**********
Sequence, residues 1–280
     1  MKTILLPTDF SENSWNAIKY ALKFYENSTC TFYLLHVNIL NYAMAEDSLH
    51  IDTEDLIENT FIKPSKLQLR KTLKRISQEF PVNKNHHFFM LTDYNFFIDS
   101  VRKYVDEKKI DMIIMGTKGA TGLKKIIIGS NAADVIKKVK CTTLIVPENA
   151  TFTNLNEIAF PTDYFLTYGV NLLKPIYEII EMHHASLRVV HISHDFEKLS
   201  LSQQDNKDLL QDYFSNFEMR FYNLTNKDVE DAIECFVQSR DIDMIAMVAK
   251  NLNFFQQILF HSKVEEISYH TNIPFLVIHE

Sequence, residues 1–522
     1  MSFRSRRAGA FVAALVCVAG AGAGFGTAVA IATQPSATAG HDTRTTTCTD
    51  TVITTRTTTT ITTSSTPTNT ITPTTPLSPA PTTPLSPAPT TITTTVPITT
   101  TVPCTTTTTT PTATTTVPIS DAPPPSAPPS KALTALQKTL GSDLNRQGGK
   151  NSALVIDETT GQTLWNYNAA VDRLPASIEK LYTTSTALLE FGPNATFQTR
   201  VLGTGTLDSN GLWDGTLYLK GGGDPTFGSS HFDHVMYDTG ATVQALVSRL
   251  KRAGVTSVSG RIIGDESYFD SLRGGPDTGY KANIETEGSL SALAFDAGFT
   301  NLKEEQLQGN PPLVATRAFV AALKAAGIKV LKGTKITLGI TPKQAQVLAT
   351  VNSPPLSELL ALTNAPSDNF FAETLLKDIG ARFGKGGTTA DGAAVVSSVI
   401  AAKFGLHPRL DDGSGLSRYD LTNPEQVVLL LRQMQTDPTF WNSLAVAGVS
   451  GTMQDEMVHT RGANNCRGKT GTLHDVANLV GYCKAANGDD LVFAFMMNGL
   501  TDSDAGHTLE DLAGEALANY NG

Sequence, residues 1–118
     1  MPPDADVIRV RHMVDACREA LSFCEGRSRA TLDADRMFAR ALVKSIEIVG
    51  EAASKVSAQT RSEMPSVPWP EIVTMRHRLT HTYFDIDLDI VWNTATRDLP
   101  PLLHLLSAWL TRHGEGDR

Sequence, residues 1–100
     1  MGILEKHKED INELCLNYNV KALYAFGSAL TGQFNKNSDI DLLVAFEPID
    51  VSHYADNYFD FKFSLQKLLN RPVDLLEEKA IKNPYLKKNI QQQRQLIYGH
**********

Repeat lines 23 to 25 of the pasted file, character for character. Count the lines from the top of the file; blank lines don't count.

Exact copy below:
   101  PLLHLLSAWL TRHGEGDR

Sequence, residues 1–100
     1  MGILEKHKED INELCLNYNV KALYAFGSAL TGQFNKNSDI DLLVAFEPID